In the forests of the Eastern Ghats (a chain of very old and highly eroded mountains) running between the towns of Giddalur (Prakasam District) to the northeast and Gooty (Anantapur District) to the southwest is found one of the most stunning arachnids of Asia, the Gooty Tarantula (Poecilotheria metallica). Also known as the Gooty Sapphire or Peacock Tarantula, it has become famous all over the world, especially among tarantula collectors who love raising these hairy spiders as pets.

The reason? Its dazzling metallic blue colour (during adulthood). Mature spiders can fetch several hundred US dollars in the international market. However, its popularity has come at a price. Given the extremely small geographical range occupied by the species (estimated to be some hundred square kilometers between the two urban centers mentioned), and the degraded condition of the deciduous forests it occupies (on account of harvesting for timber), it has been classified as Critically Endangered by the IUCN. Collection of wild specimens for the pet trade might very well drive it over the edge.

This is what the ICUN Red List of Threatened Species has to say about the Gooty Sapphire:

The species is found in a single location, which is severely fragmented. The extent of occurrence is less than 100 sq km (India: Andhra Pradesh: Reserve forest between Nandyal and Giddalur). The type description stated the species as occurring in Gooty, which is wrong since although the animal was caught in the railway timber yard in Gooty, the specimen could have come from the Eastern Ghats, which is at least 100 km away. Molur et al. rediscovered the species after 102 years in 2001 in a highly disturbed forest between Nandyal and Giddalur. Other surveys have not indicated the presence of this easily-identifiable species in any other locality. However, traders have put up this spider on sale after collecting some adults from the said area or nearby. Since information on their collection area is not available, it is presumed that they could have collected only from the nearby location and not from the protected Gundlabrahmeshwaram Wildlife Sanctuary. Habitat loss and degradation are major threats. From our understanding, if the habitat is under similar pressure of degradation, the species might be extirpated from the known location in the near future. An additional threat to the species is collection by international pet traders, which could have an impact on the population. The two threats in tandem could result in the species’ extinction from the known location in the near future. An incident of smuggling was recorded in 2002 when two Europeans took a few specimens out of the country and advertised them for sale on the internet. There are also reports available of other such incidents since then.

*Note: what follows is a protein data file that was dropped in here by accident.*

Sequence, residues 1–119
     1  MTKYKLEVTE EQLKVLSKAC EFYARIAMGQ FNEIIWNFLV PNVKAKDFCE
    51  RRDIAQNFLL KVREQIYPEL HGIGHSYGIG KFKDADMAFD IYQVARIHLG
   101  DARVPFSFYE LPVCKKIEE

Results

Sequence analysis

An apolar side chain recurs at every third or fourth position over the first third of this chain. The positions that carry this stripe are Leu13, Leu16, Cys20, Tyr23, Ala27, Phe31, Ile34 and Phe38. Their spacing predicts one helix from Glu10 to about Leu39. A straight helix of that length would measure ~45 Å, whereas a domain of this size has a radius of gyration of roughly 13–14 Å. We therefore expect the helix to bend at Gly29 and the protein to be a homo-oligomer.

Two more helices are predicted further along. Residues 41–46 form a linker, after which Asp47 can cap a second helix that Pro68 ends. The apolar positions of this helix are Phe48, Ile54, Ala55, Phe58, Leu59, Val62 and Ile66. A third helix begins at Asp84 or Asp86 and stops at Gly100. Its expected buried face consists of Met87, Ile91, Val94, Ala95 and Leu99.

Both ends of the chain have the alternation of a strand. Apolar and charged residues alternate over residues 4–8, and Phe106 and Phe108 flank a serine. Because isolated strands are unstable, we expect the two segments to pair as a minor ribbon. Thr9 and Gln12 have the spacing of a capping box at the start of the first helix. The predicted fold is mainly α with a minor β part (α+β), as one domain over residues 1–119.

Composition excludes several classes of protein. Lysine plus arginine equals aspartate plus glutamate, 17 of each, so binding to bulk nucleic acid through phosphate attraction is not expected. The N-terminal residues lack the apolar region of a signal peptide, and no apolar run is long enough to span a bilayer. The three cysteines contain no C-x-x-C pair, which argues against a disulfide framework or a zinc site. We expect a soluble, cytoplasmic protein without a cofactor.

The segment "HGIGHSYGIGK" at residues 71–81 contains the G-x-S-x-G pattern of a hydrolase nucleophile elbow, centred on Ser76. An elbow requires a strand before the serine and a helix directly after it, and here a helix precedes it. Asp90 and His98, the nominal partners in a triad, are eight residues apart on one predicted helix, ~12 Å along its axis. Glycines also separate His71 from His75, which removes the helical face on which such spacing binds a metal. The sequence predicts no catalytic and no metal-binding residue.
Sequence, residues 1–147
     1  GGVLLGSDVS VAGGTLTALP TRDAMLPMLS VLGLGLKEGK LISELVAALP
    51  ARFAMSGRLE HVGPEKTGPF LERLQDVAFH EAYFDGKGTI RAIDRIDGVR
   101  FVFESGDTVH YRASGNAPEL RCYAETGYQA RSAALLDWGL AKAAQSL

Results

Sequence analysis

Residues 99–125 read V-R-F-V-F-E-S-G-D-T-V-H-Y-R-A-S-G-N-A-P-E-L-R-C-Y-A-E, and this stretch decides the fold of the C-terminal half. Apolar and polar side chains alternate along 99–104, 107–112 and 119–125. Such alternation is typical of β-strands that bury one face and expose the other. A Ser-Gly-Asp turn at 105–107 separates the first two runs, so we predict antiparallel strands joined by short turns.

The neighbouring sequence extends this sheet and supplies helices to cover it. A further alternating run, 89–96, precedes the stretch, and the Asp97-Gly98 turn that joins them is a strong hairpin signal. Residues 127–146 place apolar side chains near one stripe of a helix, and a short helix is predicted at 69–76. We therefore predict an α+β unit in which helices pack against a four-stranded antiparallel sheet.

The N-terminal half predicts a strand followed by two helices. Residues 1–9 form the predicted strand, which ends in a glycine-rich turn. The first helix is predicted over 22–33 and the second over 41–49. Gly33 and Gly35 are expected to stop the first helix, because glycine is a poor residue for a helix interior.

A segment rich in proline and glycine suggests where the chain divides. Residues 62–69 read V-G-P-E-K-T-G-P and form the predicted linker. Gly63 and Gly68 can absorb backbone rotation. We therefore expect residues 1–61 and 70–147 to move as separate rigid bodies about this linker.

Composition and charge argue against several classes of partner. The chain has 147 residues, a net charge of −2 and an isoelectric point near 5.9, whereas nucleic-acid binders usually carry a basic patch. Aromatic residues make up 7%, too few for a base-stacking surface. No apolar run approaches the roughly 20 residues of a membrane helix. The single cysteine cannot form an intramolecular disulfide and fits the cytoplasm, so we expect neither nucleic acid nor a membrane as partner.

This makes the Tarantula one of the many species endemic to peninsular South Asia. In fact, the genus Poecilotheria to which it belongs is found nowhere else but in South India and Sri Lanka. They are called ‘tiger spiders’ on account of their striking patterns, bold colors, large size, aggressive temperament and potent venom. They are arboreal by nature, living inside funnel webs and ambushing insects, arachnids, small reptiles and mammals for food. The Gooty Tarantula is no different, capable of growing big enough to span 20 cm.

Image Attribution: The image above, sourced from Wikimedia Commons is a photograph of the Gooty Tarantula. It was taken from the ‘Critically Endangered Animal Species of India (2011)’ and uploaded by Søren Rafn.